McConnell’s comments prompt accusation of Labour leadership ‘debacle’

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by a Newsnet reporter

Former Labour First Minister Jack McConnell has broken the silence in the Labour party over the non-campaign for a replacement for Iain Gray as leader of the party’s Holyrood group.  Mr Gray announced shortly after the drubbing the party received at the May election that he would resign as leader “in the autumn”.  

It is now some 100 days since Iain Gray announced his intention to step down and Holyrood’s members will shortly return to full parliamentary business after the summer recess, yet no party figure has stepped forward and made an official announcement of their candidacy.  There is no clarity within the party about such basic mechanisms as how the vote will work, when it will be held and who will be eligible to stand.

Speaking to the Herald yesterday, Mr McConnell said: “We are in the ridiculous position where the rump of Liberals in the Parliament are better placed and positioned [than the Labour party] because of a new leader and we need to deal with this immediately.”

Unlike some party colleagues such as Labour’s other former First Minister Henry McLeish, Mr McConnell does not insist that the new leader must be a sitting Holyrood MP.  Mr McConnell was given a lifelong sinecure in the House of Lords by Gordon Brown in 2010.  Speaking to the Herald about the qualities he looked for in a new leader he said:  “I want a man or a woman to come forward with a vision for Scotland in the 21st century that will not just inspire the Labour Party, but will inspire the country, and I don’t really care where that person comes from as long as the elected members at Holyrood cannot be outvoted by the elected members in Westminster and as long as the person is committed to being in the next Scottish Parliament.”

Mr McConnell was concerned that the party was too inwardly focused, mirroring the concerns of others who have urged the party not to wait until the completion of the Murphy and Boyack Review of Labour’s Scottish structure before candidates identify themselves.  This review is due to be completed in the autumn and is subject to the approval of Ed Miliband.   The review was ordered by the party’s UK leadership in response to its disastrous showing in the May election.  The party had hoped success in this election would be a vital “stepping stone” to regaining power at Westminster.  The scale and comprehensive nature of Labour’s defeat took the party by surprise.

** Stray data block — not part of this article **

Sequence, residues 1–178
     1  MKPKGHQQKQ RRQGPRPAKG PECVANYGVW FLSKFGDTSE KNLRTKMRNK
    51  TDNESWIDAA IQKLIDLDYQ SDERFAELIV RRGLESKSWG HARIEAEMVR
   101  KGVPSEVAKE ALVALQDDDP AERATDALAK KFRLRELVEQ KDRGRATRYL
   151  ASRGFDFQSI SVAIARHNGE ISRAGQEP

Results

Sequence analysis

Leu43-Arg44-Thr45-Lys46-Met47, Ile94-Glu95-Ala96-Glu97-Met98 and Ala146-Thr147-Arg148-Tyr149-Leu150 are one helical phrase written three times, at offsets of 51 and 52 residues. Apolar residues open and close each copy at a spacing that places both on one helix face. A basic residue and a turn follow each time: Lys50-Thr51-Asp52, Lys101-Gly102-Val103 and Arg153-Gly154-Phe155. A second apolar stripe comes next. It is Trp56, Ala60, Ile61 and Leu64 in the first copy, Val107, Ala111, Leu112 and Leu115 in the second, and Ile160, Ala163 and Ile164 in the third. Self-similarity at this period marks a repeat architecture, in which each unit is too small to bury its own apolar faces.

Mr McConnell said: “It is time for the whole Scottish party to raise its horizons.  Endless debates about MPs versus MSPs, constitutional technicalities and internal party structures are not going to produce a vision for Scotland that reconnects Labour with the majority of Scots and with Scots in every part of the country”

Mr McConnell also voiced his concern that some members of the Labour party had failed to grasp the depth of the problems currently facing the party.  “We no longer have an elected constituency member of the Scottish Parliament north of a line between Cowdenbeath and Dumbarton.  This is really serious,” he said.

Commenting on Mr McConnell’s remarks, James Dornan the SNP MSP for Glasgow Cathcart said:

“This whole process is now completely farcical.

“Day after day, week after week we are seeing one senior Labour party member after another call for the party to head in a different direction.

“Some think that the leader should come from the Scottish Parliament, some think it should come from Westminster, some think the party should embrace full fiscal autonomy, some think they should defend the untenable status quo above all else.  Each one highlighting the division tearing Scottish Labour apart.

“Now Lord McConnell has given a clear vote of no confidence in Labour’s leadership team just days before Parliament returns.

“With the date of Iain Gray’s departure looming they are still no further ahead in selecting his replacement, despite it being over 100 days since his resignation.

“This continued debacle only emphasises the view that Labour aren’t competent enough to be in opposition, never mind government.”